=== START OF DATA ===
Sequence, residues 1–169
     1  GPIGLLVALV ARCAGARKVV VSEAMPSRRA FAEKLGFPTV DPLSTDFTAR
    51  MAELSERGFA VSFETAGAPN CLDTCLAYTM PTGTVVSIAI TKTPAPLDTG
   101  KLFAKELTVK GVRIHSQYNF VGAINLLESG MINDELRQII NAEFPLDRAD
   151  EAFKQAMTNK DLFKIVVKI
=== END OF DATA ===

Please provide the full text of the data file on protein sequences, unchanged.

Sequence, residues 1–169
     1  GPIGLLVALV ARCAGARKVV VSEAMPSRRA FAEKLGFPTV DPLSTDFTAR
    51  MAELSERGFA VSFETAGAPN CLDTCLAYTM PTGTVVSIAI TKTPAPLDTG
   101  KLFAKELTVK GVRIHSQYNF VGAINLLESG MINDELRQII NAEFPLDRAD
   151  EAFKQAMTNK DLFKIVVKI